Living things and their habitats , Plants
Take a much closer look at this familiar object. Can your class use their reasoning skills to work out what it is?
Run the activity
You will be zooming in and out of the image above – starting very close and stepping back slowly.
1. Start by asking everyone:
- What do they think the image is and why?
- What does the image remind them of and why?
2. Every time you zoom out, ask the class:
- Can they describe the colours, shapes and textures?
- What do they think the image is now – have they changed their minds?
Children often do not realise that trees, like other plants, grow from seeds and have roots in the ground to take up water. They may find this particularly difficult with pine trees, as the pine needles, which are modified leaves, do not look like most other leaves. Pine trees are evergreen trees that keep their leaves throughout the year (other examples include: cypress, olive, holly). Trees that shed their leaves every year are called deciduous (examples include: oak, beech, ash).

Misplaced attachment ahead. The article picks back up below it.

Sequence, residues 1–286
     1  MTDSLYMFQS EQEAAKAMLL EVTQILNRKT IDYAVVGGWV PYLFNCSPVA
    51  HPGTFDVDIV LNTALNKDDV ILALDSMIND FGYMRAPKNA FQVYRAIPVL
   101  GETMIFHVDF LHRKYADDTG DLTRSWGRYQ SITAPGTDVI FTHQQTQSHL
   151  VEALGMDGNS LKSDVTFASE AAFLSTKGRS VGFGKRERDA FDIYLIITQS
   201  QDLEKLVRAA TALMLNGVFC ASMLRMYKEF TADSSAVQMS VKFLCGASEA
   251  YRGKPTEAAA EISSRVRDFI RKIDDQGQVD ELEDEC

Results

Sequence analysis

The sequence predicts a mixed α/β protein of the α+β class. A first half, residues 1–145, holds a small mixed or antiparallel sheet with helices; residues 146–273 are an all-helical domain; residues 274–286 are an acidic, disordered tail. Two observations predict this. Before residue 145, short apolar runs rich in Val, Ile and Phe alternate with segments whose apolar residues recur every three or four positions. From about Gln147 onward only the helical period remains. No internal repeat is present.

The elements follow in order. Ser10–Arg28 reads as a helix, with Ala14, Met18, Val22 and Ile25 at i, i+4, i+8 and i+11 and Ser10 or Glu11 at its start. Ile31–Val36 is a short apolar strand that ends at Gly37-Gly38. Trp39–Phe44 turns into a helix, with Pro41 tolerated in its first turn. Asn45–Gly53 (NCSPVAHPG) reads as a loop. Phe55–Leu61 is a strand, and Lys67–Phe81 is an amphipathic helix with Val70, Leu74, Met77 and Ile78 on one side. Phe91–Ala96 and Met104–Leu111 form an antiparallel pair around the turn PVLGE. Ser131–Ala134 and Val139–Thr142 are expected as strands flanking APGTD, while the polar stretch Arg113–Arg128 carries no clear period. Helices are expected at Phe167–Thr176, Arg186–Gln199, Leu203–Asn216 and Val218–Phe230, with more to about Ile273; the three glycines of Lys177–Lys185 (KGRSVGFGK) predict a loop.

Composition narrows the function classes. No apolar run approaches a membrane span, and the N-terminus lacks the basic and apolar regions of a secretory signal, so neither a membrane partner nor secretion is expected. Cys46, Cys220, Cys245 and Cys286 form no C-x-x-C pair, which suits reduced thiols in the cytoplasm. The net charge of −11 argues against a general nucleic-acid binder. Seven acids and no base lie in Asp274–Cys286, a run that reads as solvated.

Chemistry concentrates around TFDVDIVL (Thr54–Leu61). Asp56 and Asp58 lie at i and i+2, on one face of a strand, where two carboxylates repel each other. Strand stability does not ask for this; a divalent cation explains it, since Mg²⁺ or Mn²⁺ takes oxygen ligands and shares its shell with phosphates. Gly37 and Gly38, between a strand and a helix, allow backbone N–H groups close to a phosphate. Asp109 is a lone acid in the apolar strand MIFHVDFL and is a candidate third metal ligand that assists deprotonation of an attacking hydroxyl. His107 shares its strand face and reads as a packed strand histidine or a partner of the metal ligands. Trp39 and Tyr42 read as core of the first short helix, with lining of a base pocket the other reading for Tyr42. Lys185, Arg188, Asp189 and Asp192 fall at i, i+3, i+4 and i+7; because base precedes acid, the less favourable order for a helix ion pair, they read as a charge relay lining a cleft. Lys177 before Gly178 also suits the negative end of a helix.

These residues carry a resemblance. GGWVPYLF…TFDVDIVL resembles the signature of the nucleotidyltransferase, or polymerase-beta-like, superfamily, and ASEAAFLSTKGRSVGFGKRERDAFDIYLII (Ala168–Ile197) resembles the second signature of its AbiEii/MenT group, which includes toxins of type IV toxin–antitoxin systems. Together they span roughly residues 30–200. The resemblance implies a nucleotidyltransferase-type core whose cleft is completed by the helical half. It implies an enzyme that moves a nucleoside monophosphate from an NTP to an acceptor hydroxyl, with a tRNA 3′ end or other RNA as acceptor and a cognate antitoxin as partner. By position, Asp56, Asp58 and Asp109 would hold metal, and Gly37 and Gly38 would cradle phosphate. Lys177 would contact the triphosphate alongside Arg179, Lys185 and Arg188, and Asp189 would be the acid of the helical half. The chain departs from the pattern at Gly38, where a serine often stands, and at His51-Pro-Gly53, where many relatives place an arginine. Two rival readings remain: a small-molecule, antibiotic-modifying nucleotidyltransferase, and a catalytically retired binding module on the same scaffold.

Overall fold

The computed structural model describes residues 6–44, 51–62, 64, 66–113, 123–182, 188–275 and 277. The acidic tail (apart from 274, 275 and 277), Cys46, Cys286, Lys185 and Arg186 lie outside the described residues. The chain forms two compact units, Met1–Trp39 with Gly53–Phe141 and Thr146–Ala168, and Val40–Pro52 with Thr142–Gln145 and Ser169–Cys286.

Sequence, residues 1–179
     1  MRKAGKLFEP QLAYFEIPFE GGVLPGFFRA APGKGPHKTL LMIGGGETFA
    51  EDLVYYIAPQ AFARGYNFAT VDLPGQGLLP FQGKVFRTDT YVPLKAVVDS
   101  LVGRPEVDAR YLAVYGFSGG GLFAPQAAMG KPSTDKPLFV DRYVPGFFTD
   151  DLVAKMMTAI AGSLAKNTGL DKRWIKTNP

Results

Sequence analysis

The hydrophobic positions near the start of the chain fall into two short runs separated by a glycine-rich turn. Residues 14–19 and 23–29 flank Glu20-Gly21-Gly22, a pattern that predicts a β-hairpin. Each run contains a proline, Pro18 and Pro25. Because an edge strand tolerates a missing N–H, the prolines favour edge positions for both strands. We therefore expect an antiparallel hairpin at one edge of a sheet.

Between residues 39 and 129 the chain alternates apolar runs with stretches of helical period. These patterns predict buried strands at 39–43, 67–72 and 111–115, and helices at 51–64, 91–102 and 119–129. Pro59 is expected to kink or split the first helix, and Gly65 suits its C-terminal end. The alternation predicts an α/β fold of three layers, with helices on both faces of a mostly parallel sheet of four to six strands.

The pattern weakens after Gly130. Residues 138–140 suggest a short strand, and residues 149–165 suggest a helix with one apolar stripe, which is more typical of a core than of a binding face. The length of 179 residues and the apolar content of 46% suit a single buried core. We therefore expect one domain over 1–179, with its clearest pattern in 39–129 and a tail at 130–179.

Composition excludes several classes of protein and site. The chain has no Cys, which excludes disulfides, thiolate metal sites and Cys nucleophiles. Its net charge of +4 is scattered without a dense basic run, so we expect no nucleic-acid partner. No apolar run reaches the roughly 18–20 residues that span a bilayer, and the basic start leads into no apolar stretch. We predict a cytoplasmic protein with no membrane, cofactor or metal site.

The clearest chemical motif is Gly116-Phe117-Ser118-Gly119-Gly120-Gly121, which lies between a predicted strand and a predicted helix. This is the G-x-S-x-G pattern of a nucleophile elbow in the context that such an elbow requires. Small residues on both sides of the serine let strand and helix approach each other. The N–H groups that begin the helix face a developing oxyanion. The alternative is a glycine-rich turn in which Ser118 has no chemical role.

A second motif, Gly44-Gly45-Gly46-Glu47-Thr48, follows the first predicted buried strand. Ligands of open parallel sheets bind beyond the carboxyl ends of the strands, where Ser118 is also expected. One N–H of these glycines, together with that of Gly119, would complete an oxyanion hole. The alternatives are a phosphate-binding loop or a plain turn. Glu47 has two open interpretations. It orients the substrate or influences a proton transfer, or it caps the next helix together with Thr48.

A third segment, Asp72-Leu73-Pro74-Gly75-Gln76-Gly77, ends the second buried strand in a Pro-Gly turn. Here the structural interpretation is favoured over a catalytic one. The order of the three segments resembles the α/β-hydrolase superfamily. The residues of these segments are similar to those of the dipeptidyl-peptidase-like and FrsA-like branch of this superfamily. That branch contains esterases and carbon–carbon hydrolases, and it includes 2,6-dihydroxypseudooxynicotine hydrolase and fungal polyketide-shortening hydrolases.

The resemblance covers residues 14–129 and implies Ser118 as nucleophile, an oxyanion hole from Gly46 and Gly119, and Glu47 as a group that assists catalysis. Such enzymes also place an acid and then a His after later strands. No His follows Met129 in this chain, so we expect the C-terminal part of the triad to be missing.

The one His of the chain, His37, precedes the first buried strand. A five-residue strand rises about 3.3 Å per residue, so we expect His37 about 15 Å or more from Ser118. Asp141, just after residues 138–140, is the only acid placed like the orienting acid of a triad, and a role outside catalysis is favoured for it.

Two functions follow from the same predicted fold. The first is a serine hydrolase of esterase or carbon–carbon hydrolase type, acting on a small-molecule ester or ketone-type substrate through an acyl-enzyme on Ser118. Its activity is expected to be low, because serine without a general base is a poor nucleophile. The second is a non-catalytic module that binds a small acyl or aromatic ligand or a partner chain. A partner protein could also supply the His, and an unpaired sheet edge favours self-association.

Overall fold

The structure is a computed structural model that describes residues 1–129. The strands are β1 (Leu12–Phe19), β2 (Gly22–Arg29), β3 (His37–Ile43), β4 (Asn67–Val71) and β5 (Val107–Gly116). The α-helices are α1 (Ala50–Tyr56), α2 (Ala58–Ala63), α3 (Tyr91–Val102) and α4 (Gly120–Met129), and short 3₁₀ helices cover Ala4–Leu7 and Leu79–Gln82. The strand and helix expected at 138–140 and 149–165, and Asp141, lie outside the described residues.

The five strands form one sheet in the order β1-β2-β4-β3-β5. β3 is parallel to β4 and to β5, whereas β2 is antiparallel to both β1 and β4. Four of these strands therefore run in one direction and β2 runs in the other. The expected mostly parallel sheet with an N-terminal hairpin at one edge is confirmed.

Pine trees are associated with the Christmas decorations. Although a few needles will drop from trees living in the forest, when a pine or fir tree is cut down and used as a decoration, the needles drop at a much higher rate as the tree is no longer living.
Take it further
Take your class outside at different times of the year to explore the different trees in your local area. They can develop their observational skills by identifying the evergreen and deciduous trees and noticing similarities and differences. Over the year they can observe the changes that take place and keep a record.
Children may enjoy the Explorify activities Evergreen, which features plants that are commonly looked at in winter.